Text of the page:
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How Recruiters Spot Emotional Intelligence

13/11/2017 by Nandip Aulak


This week is Anti Bullying Week. While sometimes we think about bullying as just being in the playground, it can happen in the workplace too. But empathic and emotionally intelligent staff help cultivate a happy and safe workplace.

Emotional intelligence is a vital asset for those working in people management, decision making and personal competence. These qualities are core parts of natural leaders and high-value hires, but can be difficult to assess when you’re meeting people for the first time or perusing a CV.

When you’re looking to fill positions with talent that not only has the skills, but the right emotional capacity, you need to know how to identify emotional intelligence. This will allow you to choose the best-rounded candidate for your business culture. Remember, recruitment is not just a box-ticking exercise of skill proficiency.

What is emotional intelligence?

Emotional intelligence is one’s capacity to be aware of, control, and express one's emotions. It also defines one’s capacity to handle interpersonal relationships judiciously and empathetically. Emotional intelligence plays a key factor in the relationship between sex, power and harassment in the workplace. It can also influence how well you handle everyday stress and anxiety and your ability to push yourself.

Managers with high emotional intelligence are able to get the best out of their charges by cultivating a positive work environment that allows them to achieve more and feel valued. They are able to handle a broad range of personalities across the emotional spectrum, allowing your business to become more diverse and inclusive at all levels.

How do we identify emotional intelligence?

Emotional intelligence plays a key role in recruitment. That’s why we put so much energy into developing strong, lasting relationships with our clients and candidates. It’s only through conversation, mutual respect and insight that you can begin to really get a feel for someone’s emotional intelligence. The clue really is in the name: it’s about feeling it. Here are a few of the things we look for when assessing emotional intelligence:


Individuals with high emotional intelligence are kind, assertive, transparent and comfortable in themselves. They don’t need to hide behind a façade or get withdrawn when faced with tough situations or conflict.

A CV provides a snapshot of a candidate’s skills and experience. To really get to know our candidates we take the time to build up relationships. We don’t just match skilled candidates with specific roles, we consider the individual’s character and whether they will make a good culture fit.


Empathy is our awareness of the feelings of those around us. Empathic people tend to be more curious about the people around them. They care about what they’re going through and are able to recognise how those around them feel and adapt their approach accordingly.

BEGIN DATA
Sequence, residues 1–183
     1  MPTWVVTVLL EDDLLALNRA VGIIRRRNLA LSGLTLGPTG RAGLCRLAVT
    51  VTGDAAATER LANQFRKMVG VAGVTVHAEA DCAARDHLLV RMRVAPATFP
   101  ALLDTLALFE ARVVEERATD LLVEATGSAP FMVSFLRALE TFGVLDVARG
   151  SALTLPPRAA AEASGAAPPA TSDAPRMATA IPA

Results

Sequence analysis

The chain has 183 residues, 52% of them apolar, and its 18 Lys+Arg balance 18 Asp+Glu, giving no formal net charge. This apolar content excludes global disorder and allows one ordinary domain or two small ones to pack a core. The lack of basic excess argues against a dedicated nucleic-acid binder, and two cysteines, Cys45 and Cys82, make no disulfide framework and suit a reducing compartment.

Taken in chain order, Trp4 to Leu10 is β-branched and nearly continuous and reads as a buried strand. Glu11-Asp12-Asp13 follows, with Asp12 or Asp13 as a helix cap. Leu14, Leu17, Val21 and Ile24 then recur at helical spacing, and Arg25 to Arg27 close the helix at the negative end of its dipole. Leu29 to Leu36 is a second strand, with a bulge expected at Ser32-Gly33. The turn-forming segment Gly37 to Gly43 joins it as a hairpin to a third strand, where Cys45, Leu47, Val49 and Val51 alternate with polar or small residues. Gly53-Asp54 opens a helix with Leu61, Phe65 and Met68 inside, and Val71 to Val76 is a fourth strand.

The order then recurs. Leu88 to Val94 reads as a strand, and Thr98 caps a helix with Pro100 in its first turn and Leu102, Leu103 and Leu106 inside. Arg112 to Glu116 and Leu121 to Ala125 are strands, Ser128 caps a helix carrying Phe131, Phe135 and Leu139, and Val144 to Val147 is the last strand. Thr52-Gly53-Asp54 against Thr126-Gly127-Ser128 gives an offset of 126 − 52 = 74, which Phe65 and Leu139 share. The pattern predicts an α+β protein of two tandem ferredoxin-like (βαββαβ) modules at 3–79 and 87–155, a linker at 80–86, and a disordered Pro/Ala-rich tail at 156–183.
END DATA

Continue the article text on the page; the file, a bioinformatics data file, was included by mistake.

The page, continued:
As recruiters, we show empathy to our clients and candidates every day. This is because we understand the emotional impact of career development. Often, the decision to take on an exciting new role changes a candidate's life forever. For our clients, we are introducing a new person to their carefully grown culture and need to trust that the hire won't upset the environment. Filling a position has an impact on so many people's everyday lives. This is why empathy is so important to what we do. We need to be aware and sensitive to everyone's feelings and expectations.

The value of emotionally intelligent candidates

In teams that thrive, you'll find people displaying total authenticity. They lead conversations and interactions with their mind and their heart, during good times and bad.

Emotionally intelligent people tend to be more self-confident and open-minded, which makes them tolerant and patient managers. A manager with these qualities is more likely to be supportive of their team and care about their success and wellbeing.

People are drawn to empathy. It's a vital quality in building successful relationships at work and in life. In fact, research into the "soft" skills of the most successful managers demonstrates that empathy is the leading driver of overall business performance.

People with high emotional intelligence are an invaluable force to any organisation. They are caring, self-motivated and positive individuals that not only bring the best to every task, but know exactly how to bring it out in others. This is why we work so hard to tap into the emotional intelligence in ourselves, so that we can better find it in our candidates.


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